• You should not experience any vaginal heaviness (prolapse), bladder leakage, pain or abdominal doming with exercise. Your Women’s Health Physio will help treat any of these symptoms and guide you on a safe exercise plan.
  • Slow and steady. Postpartum recovery is about gradual progression, and tuning into how your body responds. You can do damage to your body (especially pelvic floor) now or have symptoms in the future if you go too hard too soon.
  • Strengthen your body from the inside out. Always start focusing on your core muscles, your pelvic floor and deep abdominal muscles, and your posture. As you strengthen your core, and improve your posture, you can work your way out to your superficial muscles. If you work the opposite way, you can worsen your pelvic floor, stomach separation, or injure yourself.
  • Shift your mindset. Your body has just grown a human for 9 months and THEN given birth. Let this realllly sink in! Because of this, your body has changed. It may or it may not be the same again. Therefore you may not be able to do the same exercise as you did before, OR you may be able to do it even better!
  • Be driven by the way you feel. Exercise is soooo good for us when we enjoy it. Exercise in ways that makes you feel good, rather than being driven out of fear-based motivation.
  • Listen to your body. The priority is that you exercise safely, according to when your body is ready. Don’t push through any pelvic floor symptoms, abdominal separation, pain or anything else that doesn’t feel right in your body.
  • Understand the effect of hormones. There are more factors affecting the way your body feels and looks right now, such as your hormones. Be kind to yourself, and allow yourself a whole 12 months to recover.
  • Stay in your own lane. Don’t compare yourself to your friend’s post-baby body or that chick on Instagram, because guess what? They are not you. Your pregnancy, birth, body and baby are all unique. Don’t forget that!
  • Energize yourself. The point of exercise is to energize yourself and make you feel stronger, not completely fatigued so you can’t take care of yourself or your baby. Tailor the frequency, time and intensity of your workouts to ensure you are rejuvenated, not fatigued.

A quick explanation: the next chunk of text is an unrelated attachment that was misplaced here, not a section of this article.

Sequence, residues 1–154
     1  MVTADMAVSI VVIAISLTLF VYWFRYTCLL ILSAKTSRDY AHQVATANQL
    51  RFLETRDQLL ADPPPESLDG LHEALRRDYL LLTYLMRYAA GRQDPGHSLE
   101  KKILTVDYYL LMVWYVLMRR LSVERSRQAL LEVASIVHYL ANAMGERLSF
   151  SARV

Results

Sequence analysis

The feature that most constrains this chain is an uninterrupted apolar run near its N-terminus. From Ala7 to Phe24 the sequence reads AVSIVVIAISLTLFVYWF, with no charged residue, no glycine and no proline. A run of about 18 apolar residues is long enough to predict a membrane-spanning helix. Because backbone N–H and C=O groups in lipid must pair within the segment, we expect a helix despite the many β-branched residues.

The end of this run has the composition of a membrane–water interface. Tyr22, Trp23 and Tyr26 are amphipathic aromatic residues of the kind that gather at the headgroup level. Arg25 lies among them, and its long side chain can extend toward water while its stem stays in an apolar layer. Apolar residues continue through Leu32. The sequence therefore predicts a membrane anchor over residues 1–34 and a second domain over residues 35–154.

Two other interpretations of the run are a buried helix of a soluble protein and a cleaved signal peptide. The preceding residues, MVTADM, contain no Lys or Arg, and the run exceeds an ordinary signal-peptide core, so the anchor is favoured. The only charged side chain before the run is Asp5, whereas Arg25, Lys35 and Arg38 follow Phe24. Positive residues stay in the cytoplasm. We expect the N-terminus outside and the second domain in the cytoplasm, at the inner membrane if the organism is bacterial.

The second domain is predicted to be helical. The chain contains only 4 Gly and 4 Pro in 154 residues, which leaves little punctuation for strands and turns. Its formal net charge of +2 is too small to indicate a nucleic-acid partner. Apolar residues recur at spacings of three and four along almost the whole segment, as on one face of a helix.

• Maintain adequate and optimal nutrition. Eat nourishing wholefoods – veggies, fruits, good quality protein and good fats, which stabilize your blood sugars. Keep away from processed foods, refined sugar and any other inflammatory foods. If you are breastfeeding, increase your intake of wholefoods to keep energy supply up. It has been found that combination of nutrition and exercise shifts postpartum weight gain. 
  • Maintain adequate hydration. Drink 3L of fluid if you are breastfeeding, making the majority of that water. Make sure you drink before, during and after exercise.
  • Breastfeed prior to exercising. Even though moderate-intensity exercise has not been found to have any effect on the quality of breast milk; feeding first is recommended to increase your comfort levels during exercise.


Ok, so I realize that was a lot of information to take in, so re-read it if you need and ask questions, because that is only part one!!!!

Part two is a FREE E-book on Postpartum Exercise Guidelines. Finally, you say! In this e-book, I will break down safe exercise guidelines for 0-6 weeks, 6-12 weeks, 3-6 months and 6+ months postpartum.

Chat soon,


Anna x





Berger et al (2014) Systematic review of the effect of individual and combines nutrition and exercise interventions on weight, adiposity and metabolic outcomes after delivery: evidence for developing behavioural guidelines for post-partum weight control. BMC Pregnancy and Childbirth 14:319.


Mottola M (2002) Exercise in the postpartum period: practical applications. Current Sports Medicine Reports 1:362-368.